The law—House Bill 3, passed in March—made abortion illegal after 15 weeks of pregnancy. It also instituted several new restrictions on abortion provision before this cutoff, including a ban on abortion pills being shipped in the mail or otherwise provided outside a physician’s office.

“Instead, the patient must visit a physician in person to receive the first dose and it requires her to be counseled that the procedure may be reversed after the first pill, an assertion which medical organizations say is not based on any evidence,” notes the Louisville Courier Journal.

The 15-week ban got the most attention, but it’s the other provisions that currently make it impossible for Kentucky’s abortion clinics to continue operating at all, say the providers. These provisions include requiring the state’s Cabinet for Health and Family Services to create an elaborate certification process for anyone making, shipping, or dispensing abortion pills.

“We cannot comply with the many, many, many, many burdens within the bill,” Tamarra Wieder, Kentucky state director for Planned Parenthood, told the Associated Press.

That’s in part because the regulations took effect immediately—before the processes for complying with them were even in place.

“The law requires that providers are, for instance, registered with the state, certified with the state as providers who can dispense medication abortions. That program doesn’t exist yet, so there’s no way for providers to be certified at the moment,” Heather Gatnarek, an attorney with the American Civil Liberties Union (ACLU) in Kentucky, told NPR.”

Greg Abbott Has Used Migrants as Political Pawns Again and Again. Now, He Says He’ll Bus Them to Capitol Hill.

“Texas Gov. Greg Abbott has long held that his state is facing an “invasion,” which consists of thousands of migrants crossing into the United States from Mexico over the Rio Grande. Now, in an attempt to resist “the Biden open border policies” he claims are endangering Texans and compromising national security, Abbott is prepared to implement a policy that drew scrutiny as soon as he announced it.

“To help local officials whose communities are being overwhelmed by hordes of illegal immigrants,” said Abbott, “Texas is providing charter buses to send these illegal immigrants who have been dropped off by the Biden administration to Washington, D.C.””

“immigration advocates and those with a passing respect for individual rights pointed out that Abbott’s proposal, as stated, is both immoral and illegal. Transporting migrants across state lines against their will “sounds dangerously close to federal felony kidnapping,” argued Aaron Reichlin-Melnick, senior policy counsel at the American Immigration Council. Further, Title 8 of U.S. Code Section 1324(a) states that “any person who…knowing or in reckless disregard of the fact that an alien has come to, entered, or remains in the United States in violation of law, transports, or moves or attempts to transport or move such alien within the United States by means of transportation or otherwise…shall be punished.”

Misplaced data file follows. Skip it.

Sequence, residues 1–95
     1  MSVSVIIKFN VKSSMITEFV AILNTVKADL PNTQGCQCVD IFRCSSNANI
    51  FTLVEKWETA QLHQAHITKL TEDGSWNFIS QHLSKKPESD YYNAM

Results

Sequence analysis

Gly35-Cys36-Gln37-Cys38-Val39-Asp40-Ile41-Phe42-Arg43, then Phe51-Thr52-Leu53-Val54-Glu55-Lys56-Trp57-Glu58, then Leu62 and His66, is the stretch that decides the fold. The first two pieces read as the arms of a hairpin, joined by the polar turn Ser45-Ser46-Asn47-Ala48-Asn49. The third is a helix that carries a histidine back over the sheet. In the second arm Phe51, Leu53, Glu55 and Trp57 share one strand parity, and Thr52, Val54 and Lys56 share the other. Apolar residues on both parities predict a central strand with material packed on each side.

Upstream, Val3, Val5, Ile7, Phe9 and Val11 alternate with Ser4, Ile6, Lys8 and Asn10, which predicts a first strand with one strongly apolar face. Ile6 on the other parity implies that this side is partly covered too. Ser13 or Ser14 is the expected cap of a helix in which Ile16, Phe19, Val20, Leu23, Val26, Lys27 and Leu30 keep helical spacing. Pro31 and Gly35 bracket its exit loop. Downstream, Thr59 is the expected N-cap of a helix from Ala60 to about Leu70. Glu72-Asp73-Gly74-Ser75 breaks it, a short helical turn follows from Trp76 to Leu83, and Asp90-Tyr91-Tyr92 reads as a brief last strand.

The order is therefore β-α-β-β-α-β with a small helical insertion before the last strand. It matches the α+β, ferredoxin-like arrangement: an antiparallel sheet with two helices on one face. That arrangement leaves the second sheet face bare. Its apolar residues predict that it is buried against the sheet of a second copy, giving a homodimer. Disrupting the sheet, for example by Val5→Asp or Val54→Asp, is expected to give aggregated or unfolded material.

Perhaps those snags are why the governor’s office has since softened its tone on busing migrants north. A press release published after the press conference stressed that “a migrant must volunteer to be transported” in order to board a bus or flight to Washington, D.C.”

“the new busing policy sits atop a heap of misguided, expensive, and dubiously legal initiatives the governor has undertaken in order to keep migrants out of his state—people who have the right under U.S. immigration law to seek asylum in Texas.

This policy comes from the man who proposed building a border wall of his own after former President Donald Trump’s never came to fruition. Abbott’s project, which is ongoing, ran into many of the same issues as Trump’s—exorbitant costs, tension between federal and state jurisdiction, and the need for egregious eminent domain claims in order to get the job done (not to mention a lack of widespread support). “The elected officials in border communities don’t support [Abbott’s] plans,” American Civil Liberties Union of Texas attorney David Donatti told Reason last year.

The governor’s border-securing mission—Operation Lone Star—has been similarly fraught. While Abbott and other state officials bragged about “more than 11,000 criminal arrests, drug seizures that amount to millions of ‘lethal doses,'” and tens of thousands of undocumented immigrant referrals to the federal government for deportation, watchdogs reported “arrests of U.S. citizens hundreds of miles from the border,” “claiming drug busts from across the state,” and changing statistics and metrics of success, according to The Texas Tribune. Several Texas National Guard soldiers stationed at the border committed suicide during the operation, while dozens more criticized the mission’s execution in an internal survey. With its spotty track record, the still-active Operation Lone Star costs taxpayers more than $2.5 million each week.